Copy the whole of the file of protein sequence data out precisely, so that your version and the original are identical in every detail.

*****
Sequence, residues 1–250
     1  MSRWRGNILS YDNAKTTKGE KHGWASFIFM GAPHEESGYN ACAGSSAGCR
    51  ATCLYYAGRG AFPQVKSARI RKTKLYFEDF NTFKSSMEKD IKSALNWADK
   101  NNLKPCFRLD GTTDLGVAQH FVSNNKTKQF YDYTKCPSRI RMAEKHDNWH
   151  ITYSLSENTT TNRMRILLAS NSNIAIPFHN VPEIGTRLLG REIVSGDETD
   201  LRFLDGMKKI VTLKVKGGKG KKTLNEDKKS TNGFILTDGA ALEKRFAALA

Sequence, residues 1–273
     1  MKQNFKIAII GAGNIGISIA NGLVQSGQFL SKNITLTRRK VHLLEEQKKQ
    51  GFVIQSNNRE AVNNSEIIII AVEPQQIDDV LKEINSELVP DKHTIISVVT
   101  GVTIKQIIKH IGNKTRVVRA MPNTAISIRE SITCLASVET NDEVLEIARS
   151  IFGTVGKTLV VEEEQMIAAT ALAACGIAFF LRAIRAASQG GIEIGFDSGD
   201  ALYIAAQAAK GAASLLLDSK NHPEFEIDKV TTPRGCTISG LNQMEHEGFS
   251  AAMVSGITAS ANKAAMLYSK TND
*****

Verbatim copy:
Sequence, residues 1–250
     1  MSRWRGNILS YDNAKTTKGE KHGWASFIFM GAPHEESGYN ACAGSSAGCR
    51  ATCLYYAGRG AFPQVKSARI RKTKLYFEDF NTFKSSMEKD IKSALNWADK
   101  NNLKPCFRLD GTTDLGVAQH FVSNNKTKQF YDYTKCPSRI RMAEKHDNWH
   151  ITYSLSENTT TNRMRILLAS NSNIAIPFHN VPEIGTRLLG REIVSGDETD
   201  LRFLDGMKKI VTLKVKGGKG KKTLNEDKKS TNGFILTDGA ALEKRFAALA

Sequence, residues 1–273
     1  MKQNFKIAII GAGNIGISIA NGLVQSGQFL SKNITLTRRK VHLLEEQKKQ
    51  GFVIQSNNRE AVNNSEIIII AVEPQQIDDV LKEINSELVP DKHTIISVVT
   101  GVTIKQIIKH IGNKTRVVRA MPNTAISIRE SITCLASVET NDEVLEIARS
   151  IFGTVGKTLV VEEEQMIAAT ALAACGIAFF LRAIRAASQG GIEIGFDSGD
   201  ALYIAAQAAK GAASLLLDSK NHPEFEIDKV TTPRGCTISG LNQMEHEGFS
   251  AAMVSGITAS ANKAAMLYSK TND